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Factors Affecting Peanut Producer Adoption of Integrated Pest Management

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  • Kevin T. McNamara
  • Michael E. Wetzstein
  • G. Keith Douce

Abstract

Despite evidence of Georgia peanut producer and environmental benefits associated with integrated pest management (IPM), producer adoption remains low. The analysis reported in this paper examines attributes associated with producers' decisions to adopt IPM practices. The logit analysis includes attributes from four categories: producer characteristics, farm structure, management practices, and institutional factors. Variables from three of the four categories were significantly associated with adoption decisions. The institutional variable, receipt of Extension materials, had the greatest association with adoption decisions. The results suggest that shifts in extension IPM education programs to non-traditional audiences and the development of educational programs targeted to specific agricultural activities and producer characteristics may increase adoption.

Suggested Citation

  • Kevin T. McNamara & Michael E. Wetzstein & G. Keith Douce, 1991. "Factors Affecting Peanut Producer Adoption of Integrated Pest Management," Review of Agricultural Economics, Agricultural and Applied Economics Association, vol. 13(1), pages 129-139.
  • Handle: RePEc:oup:revage:v:13:y:1991:i:1:p:129-139.
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    File URL: http://hdl.handle.net/10.2307/1349563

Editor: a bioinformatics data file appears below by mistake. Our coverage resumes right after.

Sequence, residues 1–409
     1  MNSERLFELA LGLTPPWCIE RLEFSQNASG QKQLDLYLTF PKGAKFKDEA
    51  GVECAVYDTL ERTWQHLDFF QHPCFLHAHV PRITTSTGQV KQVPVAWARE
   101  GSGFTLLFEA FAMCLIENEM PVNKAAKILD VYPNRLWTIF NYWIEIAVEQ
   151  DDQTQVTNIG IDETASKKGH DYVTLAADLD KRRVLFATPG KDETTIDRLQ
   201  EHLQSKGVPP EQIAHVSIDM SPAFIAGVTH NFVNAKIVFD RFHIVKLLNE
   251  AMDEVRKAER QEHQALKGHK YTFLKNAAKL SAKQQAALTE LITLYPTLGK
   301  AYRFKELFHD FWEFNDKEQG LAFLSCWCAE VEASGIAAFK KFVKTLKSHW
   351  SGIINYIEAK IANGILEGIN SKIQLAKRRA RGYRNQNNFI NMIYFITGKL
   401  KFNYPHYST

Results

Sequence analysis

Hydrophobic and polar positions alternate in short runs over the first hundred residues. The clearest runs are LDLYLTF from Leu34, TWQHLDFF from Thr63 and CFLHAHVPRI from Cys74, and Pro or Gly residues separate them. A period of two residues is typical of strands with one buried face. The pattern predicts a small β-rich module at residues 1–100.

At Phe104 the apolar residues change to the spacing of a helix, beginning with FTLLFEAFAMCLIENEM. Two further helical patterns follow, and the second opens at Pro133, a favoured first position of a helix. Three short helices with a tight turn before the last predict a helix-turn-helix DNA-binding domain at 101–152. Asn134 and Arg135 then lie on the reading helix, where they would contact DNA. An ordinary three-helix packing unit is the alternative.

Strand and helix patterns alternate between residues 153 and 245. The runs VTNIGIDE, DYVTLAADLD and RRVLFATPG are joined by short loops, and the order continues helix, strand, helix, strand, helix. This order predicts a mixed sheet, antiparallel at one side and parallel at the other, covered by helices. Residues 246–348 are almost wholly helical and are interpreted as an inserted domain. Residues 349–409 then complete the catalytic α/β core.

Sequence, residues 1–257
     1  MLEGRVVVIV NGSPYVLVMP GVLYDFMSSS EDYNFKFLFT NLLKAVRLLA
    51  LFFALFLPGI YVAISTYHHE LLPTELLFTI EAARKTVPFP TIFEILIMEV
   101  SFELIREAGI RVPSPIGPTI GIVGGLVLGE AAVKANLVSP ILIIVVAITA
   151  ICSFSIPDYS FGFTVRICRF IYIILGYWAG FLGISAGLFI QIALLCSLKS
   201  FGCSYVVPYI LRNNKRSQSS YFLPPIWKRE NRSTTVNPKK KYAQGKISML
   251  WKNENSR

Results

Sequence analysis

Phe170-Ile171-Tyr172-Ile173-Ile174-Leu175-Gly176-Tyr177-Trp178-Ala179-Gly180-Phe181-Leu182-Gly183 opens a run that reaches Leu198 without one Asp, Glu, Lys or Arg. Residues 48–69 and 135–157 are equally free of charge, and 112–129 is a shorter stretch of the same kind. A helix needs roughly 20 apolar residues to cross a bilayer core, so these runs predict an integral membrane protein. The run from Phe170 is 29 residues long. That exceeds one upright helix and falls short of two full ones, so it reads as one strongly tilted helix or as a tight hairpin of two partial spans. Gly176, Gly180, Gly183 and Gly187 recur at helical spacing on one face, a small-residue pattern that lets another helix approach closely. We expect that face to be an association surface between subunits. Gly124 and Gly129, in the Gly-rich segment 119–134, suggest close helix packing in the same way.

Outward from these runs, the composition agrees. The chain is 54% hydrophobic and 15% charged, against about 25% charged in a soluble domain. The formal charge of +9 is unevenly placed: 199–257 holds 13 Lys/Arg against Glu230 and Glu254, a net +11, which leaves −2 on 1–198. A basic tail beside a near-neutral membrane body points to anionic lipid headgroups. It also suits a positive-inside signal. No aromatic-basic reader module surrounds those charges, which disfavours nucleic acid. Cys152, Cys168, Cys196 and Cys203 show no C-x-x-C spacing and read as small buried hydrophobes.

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    Citations

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    Cited by:

    1. Geoffroy Enjolras & Magali Aubert, 2017. "Are EU subsidies a springboard to the reduction of pesticide use?," Post-Print hal-02048321, HAL.
    2. JunJie Wu, 2000. "Optimal weed control under static and dynamic decision rules," Agricultural Economics, International Association of Agricultural Economists, vol. 25(1), pages 119-130, June.
    3. Madhu Khanna, 2001. "Sequential Adoption of Site-Specific Technologies and its Implications for Nitrogen Productivity: A Double Selectivity Model," American Journal of Agricultural Economics, Agricultural and Applied Economics Association, vol. 83(1), pages 35-51.
    4. Aubert, Magali & Enjolras, Geoffroy, 2014. "Between the approved and the actual dose. A diagnosis of pesticide overdosing in French vineyards," Review of Agricultural and Environmental Studies - Revue d'Etudes en Agriculture et Environnement (RAEStud), Institut National de la Recherche Agronomique (INRA), vol. 95(3).
    5. Geoffroy Enjolras & Magali Aubert, 2015. "Do short food supply chains go hand in hand with environment-friendly practices?," Post-Print hal-02047862, HAL.
    6. Swinton, Scott M. & Day, Esther, 2000. "Economics In The Design, Assessment, Adoption, And Policy Analysis Of I.P.M," Staff Paper Series 11789, Michigan State University, Department of Agricultural, Food, and Resource Economics.
    7. L. Toma & A. P. Barnes & L.-A. Sutherland & S. Thomson & F. Burnett & K. Mathews, 2018. "Impact of information transfer on farmers’ uptake of innovative crop technologies: a structural equation model applied to survey data," The Journal of Technology Transfer, Springer, vol. 43(4), pages 864-881, August.